标记档案: 雪城,en

Ioanna’s Aisles

During my graduate school years at Syracuse, I used to know Ioanna — a Greek girl of sweet disposition and inexplicable hair. When I met her, she had just moved from her native land of Crete and was only beginning to learn English. So she used to start her sentences with “Eh La Re” and affectionately address all her friends “Malaka” and was generally trying stay afloat in this total English immersion experience that is a small university town in the US of A.

不久, she found the quirkiness of this eccentric language a bit too much. On one wintry day in Syracuse, Ioanna drove to Wegmans, the local supermarket, presumably looking for feta cheese or eggplants. But she was unable to find it. As with most people not fluent in the language of the land, she wasn’t quite confident enough to approach an employee on the floor for help. I can totally understand her; I don’t approach anybody for help even in my native town. But I digress; coming back to Ioanna at Wegmans, she noticed this little machine where she could type in the item she wanted and get its location. The machine displayed, “Aisle 6.”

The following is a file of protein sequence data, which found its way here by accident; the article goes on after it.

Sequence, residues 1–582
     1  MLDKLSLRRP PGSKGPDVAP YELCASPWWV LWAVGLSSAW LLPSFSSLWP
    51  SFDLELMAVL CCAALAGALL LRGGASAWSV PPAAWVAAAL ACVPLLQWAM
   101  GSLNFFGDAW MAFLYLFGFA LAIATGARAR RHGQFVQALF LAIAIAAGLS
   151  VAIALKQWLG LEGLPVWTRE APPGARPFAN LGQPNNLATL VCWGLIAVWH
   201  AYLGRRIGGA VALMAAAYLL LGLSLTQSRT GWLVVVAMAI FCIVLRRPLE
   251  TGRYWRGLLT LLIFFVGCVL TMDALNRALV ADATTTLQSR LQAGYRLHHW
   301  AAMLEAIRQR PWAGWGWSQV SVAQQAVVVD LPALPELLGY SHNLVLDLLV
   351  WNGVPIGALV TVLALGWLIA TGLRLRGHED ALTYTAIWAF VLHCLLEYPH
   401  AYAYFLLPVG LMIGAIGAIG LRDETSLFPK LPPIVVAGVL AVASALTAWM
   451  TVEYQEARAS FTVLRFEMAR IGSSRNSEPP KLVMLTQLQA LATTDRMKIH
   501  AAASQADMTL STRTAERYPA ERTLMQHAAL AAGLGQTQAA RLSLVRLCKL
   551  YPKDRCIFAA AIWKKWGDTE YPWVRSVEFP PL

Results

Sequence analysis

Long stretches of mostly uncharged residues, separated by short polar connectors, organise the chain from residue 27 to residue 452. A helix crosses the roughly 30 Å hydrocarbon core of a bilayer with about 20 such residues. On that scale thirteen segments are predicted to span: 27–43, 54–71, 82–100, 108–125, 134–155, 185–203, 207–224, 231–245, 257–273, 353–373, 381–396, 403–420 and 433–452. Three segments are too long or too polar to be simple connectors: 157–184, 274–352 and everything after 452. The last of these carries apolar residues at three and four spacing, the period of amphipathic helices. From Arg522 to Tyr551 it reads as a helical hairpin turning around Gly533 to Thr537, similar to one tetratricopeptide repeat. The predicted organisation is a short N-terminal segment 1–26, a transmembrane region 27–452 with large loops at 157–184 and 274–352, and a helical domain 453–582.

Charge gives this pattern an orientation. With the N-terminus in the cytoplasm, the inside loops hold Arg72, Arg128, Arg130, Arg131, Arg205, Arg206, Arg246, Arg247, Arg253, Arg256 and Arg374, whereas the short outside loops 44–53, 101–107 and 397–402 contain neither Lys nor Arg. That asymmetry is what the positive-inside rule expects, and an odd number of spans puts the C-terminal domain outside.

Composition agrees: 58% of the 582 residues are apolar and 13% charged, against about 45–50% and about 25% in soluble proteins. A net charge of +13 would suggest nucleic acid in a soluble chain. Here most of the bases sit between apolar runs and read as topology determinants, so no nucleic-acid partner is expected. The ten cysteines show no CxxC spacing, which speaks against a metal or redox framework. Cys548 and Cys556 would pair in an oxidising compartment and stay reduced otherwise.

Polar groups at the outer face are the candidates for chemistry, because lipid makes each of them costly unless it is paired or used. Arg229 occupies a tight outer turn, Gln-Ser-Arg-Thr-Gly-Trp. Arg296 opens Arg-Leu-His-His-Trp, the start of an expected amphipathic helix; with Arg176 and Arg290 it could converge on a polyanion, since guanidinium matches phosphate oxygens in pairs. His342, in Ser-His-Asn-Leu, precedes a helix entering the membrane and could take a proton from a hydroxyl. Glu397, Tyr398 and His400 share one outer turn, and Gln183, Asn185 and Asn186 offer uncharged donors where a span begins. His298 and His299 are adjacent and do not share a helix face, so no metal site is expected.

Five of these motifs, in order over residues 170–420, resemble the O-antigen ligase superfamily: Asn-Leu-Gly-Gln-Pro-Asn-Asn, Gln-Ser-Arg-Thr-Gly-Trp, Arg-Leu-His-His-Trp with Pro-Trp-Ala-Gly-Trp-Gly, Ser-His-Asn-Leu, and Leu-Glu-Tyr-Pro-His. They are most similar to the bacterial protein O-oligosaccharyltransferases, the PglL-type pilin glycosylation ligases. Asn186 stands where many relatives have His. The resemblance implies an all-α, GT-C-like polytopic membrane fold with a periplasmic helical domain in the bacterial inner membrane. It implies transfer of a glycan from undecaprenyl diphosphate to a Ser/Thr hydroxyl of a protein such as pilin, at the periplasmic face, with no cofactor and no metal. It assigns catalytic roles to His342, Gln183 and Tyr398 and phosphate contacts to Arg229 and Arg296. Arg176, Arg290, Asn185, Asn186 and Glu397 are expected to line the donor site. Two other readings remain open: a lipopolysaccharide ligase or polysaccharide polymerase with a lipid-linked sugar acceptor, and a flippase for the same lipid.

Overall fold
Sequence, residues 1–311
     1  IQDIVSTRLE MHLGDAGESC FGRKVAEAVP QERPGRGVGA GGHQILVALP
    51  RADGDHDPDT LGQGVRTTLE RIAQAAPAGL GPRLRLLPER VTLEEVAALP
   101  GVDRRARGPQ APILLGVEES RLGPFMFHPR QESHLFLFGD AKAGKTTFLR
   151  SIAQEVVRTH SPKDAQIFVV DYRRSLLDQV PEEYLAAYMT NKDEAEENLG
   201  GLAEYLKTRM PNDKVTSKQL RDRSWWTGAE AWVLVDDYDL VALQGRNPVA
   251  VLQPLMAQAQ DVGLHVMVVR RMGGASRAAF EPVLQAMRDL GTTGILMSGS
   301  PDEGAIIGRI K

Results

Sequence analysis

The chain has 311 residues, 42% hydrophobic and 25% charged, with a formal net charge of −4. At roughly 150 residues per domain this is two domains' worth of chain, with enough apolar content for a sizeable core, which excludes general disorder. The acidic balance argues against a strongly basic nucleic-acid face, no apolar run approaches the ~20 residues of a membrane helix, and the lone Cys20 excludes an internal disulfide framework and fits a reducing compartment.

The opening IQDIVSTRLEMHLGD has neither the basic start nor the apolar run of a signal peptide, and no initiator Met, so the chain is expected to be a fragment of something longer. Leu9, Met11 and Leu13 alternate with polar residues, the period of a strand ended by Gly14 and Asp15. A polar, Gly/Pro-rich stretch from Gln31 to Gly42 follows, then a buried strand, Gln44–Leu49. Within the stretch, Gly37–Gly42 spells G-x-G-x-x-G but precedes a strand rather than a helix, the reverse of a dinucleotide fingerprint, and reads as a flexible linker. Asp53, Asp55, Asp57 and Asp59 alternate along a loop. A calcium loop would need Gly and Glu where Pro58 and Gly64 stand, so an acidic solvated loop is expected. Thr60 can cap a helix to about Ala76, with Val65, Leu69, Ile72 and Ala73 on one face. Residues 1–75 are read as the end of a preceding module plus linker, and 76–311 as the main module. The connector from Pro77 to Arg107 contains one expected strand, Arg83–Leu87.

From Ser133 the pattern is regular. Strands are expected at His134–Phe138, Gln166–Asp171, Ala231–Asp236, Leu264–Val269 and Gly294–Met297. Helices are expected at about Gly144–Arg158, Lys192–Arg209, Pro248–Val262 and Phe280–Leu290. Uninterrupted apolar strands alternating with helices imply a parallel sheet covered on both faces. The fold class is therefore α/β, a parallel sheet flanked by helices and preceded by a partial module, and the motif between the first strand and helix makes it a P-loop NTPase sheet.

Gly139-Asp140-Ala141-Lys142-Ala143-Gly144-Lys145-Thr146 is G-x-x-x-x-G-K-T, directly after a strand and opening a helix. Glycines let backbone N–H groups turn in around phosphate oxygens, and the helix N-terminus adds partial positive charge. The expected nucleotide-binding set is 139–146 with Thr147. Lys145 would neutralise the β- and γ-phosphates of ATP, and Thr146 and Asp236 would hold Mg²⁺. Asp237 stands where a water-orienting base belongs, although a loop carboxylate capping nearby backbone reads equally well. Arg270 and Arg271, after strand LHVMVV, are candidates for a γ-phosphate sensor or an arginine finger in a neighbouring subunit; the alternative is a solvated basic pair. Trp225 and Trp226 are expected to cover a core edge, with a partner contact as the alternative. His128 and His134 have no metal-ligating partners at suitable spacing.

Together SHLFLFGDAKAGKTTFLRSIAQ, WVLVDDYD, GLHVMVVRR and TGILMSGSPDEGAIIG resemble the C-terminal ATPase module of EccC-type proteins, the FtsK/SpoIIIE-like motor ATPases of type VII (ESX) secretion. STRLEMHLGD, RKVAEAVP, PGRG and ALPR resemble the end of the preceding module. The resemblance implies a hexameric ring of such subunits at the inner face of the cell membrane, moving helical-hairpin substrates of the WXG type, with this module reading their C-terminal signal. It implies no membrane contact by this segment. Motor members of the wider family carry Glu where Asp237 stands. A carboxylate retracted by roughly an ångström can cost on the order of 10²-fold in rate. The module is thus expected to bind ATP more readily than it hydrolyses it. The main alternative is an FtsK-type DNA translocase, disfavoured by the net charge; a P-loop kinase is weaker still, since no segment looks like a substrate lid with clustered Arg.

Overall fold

Ioanna was floored. She had never seen the word “aisle.” So she fought and overcame her fear of Americans and decided to ask an employee where this thing called Aisle 6 是. 不幸, the way this English word sounds has nothing to do with the way it is spelled. Without the benefit of this knowledge, Ioanna asked a baffled and bemused clerk, “Where is ASSELLE six?”

The American was quick-witted though. He replied politely, “对不起, miss. I am asshole number 3; asshole number 6 is taking a break. Can I help you?”

My First Car and My First Ticket

I bought my first car from an Iranian girl called Sherine for $350. This was in Syracuse, NY of the late eighties. By the act of buying, the car became mine, 当然; but I still used to call it Sherine’s car for a couple of months after I bought it. And I got my first traffic ticket in Sherine’s car. I was on Comstock Avenue, going past Euclid when I went through what I thought was a bright yellow light. But the cop on Euclid Avenue begged to differ. He figured it must have been red for me because it had turned green for him. So he came after me, with his red and blue lights flashing.